Frederick Wentworth, Captain
Book 1
None But You

by Susan Kaye


None But You
Paperback - 252 pages (January 2007)
Wytherngate Press; ISBN: 0972852948
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        Written by Jean (6/2/2007 9:10 p.m.)
I just finished reading the first book in Susan Kaye's two part take on Persuasion from Wentworth's point of view. I greatly enjoyed it. While the writing seemed more of a modern time, her portrayal of Wentworth felt very true to Austen's original character. This book takes you from the point of Wentworth being put ashore during the peace up to the point just after the accident at Lyme and Wentworth realizes how committed he appears to be to Louisa at the same time how much he still cares for Anne. She also includes some scenes from Anne and Wentworth's engagement. I liked that she did not create a great deal of extra characters for us to meet but just stayed focused on Wentworth's view of the events. I look forward to the next book.


        Written by Amanda McG (6/6/2007 1:07 p.m.)
Just finished it myself I thoroughly enjoyed seeing Persuasion through Wentworth's eyes, and I think the author was loyal to his spirit. I do question the portrayal of some other characters, however. Lousia in particular seemed to be much more devious than I've known her to be from the book, which bothered me a little.

I liked the chance to "get to know," so to speak, Harville and Benwick (albeit through the author's eyes) as they are characters I've always liked.

Mostly, I thought Kaye did a good job putting fresh perspective into a familiar story- even though I knew where the plot was going, I was still very interested in getting there. I'm looking forward to the second part.



        Written by Jean (6/6/2007 2:05 p.m.)
Yes, I agree. The portrayal of Louisa was rather harsh. I always considered her a young woman sweep off her feet by Wentworth's attentions (he did pay particular attention to her). In Persuasion, IMHO, she had every right to expect a formal proposal from Wentworth. It was a bad reflection on Wentworth in None But You to suddenly resent the claims Louisa seemed to be making on him.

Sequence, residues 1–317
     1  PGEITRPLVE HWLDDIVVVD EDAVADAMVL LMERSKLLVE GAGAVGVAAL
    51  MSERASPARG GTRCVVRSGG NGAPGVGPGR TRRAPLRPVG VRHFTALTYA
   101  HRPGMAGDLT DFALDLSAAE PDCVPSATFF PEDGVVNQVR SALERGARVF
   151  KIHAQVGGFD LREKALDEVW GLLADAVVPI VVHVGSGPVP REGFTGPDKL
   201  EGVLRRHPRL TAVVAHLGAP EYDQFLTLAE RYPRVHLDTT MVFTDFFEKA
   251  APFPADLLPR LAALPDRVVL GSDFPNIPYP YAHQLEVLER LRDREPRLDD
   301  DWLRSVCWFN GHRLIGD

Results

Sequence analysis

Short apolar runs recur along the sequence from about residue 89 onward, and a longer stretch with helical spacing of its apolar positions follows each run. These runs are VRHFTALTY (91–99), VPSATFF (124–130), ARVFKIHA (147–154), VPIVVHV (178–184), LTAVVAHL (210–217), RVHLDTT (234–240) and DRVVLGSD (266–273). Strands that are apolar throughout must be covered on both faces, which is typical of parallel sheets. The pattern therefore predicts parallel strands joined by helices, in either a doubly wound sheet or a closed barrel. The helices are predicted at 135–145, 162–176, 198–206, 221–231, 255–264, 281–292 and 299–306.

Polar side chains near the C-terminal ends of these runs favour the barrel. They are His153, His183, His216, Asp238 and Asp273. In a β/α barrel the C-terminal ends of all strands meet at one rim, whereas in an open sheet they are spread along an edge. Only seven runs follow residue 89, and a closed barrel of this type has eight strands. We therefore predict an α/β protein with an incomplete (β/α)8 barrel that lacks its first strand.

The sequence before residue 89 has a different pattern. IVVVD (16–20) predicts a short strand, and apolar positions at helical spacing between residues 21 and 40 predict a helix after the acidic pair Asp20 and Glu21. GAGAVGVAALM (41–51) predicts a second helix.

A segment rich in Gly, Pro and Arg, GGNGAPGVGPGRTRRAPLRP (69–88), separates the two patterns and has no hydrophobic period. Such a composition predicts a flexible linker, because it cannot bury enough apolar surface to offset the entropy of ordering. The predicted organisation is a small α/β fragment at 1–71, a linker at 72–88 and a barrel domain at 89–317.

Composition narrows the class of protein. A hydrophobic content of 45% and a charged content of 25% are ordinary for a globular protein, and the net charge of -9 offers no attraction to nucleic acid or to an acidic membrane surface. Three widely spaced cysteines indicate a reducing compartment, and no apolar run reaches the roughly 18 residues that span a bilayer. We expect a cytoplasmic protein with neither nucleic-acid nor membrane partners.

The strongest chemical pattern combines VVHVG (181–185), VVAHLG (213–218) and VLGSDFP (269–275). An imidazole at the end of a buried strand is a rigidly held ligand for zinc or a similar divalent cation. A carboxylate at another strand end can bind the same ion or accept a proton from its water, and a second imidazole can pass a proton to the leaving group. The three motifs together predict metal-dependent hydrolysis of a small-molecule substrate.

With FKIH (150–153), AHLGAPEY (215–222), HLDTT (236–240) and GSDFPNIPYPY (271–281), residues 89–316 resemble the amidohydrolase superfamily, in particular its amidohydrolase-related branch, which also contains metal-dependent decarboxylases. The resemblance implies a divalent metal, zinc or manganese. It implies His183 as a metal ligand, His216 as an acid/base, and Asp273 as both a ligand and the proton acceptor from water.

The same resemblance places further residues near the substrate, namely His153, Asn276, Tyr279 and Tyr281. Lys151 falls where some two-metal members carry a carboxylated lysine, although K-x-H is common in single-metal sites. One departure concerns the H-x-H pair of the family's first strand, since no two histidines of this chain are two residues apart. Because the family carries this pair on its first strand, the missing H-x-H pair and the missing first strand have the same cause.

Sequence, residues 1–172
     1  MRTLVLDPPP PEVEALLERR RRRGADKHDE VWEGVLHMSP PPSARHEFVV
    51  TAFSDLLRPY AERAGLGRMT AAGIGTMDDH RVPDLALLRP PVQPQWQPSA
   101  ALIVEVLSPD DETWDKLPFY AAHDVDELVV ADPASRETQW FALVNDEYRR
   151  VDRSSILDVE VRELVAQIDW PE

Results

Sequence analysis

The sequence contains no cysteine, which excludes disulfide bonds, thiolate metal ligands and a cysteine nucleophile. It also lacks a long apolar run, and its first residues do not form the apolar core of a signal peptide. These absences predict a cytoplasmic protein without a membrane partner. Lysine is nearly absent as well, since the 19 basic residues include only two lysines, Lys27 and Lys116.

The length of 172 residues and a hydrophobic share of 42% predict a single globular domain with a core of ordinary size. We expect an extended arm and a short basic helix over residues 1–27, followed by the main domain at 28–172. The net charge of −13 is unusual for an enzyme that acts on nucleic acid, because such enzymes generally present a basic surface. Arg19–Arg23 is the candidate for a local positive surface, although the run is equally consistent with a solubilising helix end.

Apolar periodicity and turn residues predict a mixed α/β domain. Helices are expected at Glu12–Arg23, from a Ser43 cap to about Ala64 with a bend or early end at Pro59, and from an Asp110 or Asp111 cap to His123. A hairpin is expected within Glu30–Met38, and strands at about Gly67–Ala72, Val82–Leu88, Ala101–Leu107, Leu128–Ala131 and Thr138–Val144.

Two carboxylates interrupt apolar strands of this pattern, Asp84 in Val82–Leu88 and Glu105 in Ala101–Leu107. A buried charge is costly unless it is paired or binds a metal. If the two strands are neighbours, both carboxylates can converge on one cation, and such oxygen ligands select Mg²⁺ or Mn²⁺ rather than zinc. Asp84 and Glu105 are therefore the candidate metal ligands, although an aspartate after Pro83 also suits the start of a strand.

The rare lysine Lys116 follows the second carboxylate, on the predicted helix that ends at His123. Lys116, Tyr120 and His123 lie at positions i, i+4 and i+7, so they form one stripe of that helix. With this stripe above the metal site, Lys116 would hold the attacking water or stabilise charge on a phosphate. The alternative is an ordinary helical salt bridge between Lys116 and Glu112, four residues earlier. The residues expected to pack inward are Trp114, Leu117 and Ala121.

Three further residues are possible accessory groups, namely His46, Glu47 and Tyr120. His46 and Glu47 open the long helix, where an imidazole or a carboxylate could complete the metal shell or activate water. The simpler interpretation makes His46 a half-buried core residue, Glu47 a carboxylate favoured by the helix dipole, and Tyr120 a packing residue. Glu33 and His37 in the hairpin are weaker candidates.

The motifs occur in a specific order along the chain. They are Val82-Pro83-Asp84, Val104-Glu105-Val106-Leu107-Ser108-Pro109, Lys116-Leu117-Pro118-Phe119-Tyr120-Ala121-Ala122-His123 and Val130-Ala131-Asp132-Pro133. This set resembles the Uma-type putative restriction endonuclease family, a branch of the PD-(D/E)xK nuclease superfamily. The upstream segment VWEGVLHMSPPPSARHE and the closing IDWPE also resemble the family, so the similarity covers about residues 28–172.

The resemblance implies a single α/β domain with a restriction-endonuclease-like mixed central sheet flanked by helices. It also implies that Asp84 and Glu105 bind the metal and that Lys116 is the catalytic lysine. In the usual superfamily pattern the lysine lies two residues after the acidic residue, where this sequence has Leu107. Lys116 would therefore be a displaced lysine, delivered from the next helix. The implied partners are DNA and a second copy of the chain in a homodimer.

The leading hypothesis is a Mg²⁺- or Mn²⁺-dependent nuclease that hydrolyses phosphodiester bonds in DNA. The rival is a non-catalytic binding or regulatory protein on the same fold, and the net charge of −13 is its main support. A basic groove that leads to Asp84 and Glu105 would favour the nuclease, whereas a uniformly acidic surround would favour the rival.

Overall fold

I have read the first draft of the first three chapters in the next book on the Crownhill Writers site. They left me a little underwhelmed. Some of the characters again are protrayed in a harsh light. Still, it is only a first draft and imagine it will go through a lot of changes by the time we see the final book.



        Written by Debra Mc (6/4/2007 2:26 p.m.)
I recently read it and loved it! I am looking forward to her second volume very much

        Review by Linda Waldemar, 8 March 2009
I really liked this book. It is the first of two volumes that tell the story of Persuasion through the eyes of Captain Frederick Wentworth. The characters are quite true to the originals, yet become more lifelike. There was not a time when I said, as I often do when reading sequels, "She wouldn't do that!".

This volume covers the time from the "year 06" until Captain Wentworth returns to Uppercross to give the Musgroves the news of Louisa's accident. We have scenes from the ship as they reach port. A visit from Captain Harville, here named Timothy, to tell Frederick that his sister Fanny has died. He is quite relieved when our courageous Captain volunteers to break the news to Captain Benwick. This takes a couple of chapters and we are aomong the sailors who celebrate their victories ashore and aboard. Captain Benwick is devastated and Captain Wentworth is compassionate, just as we expect him to be.

As the Captain visits with his sister and the Admiral, the action continues as in Persuasion. Upon learning that Frederick has been acquainted with Anne Elliot in the past, Sophia is quite curious and asks pointed questions. The personalities of all the occupants of Somersetshire are enhanced, but the additions are completely plausible. Often, I even wondered if Jane Austen had written certain incidents. Though Frederick's request of Anne's hand from her father is not as I remember, it is not in the least objectionable.

I always felt that Frederick was a bit harsh and unfeeling when he said that Anne had changed so much that he would not have known her. Ms. Kaye puts this remark in a context that makes it much more acceptable. Another thing that I particularly enjoyed was seeing his changing feelings toward Louisa as their acquaintance proceeds.

I enjoyted this book very much and look forward to reading the next volume. I recommend that you give it a try.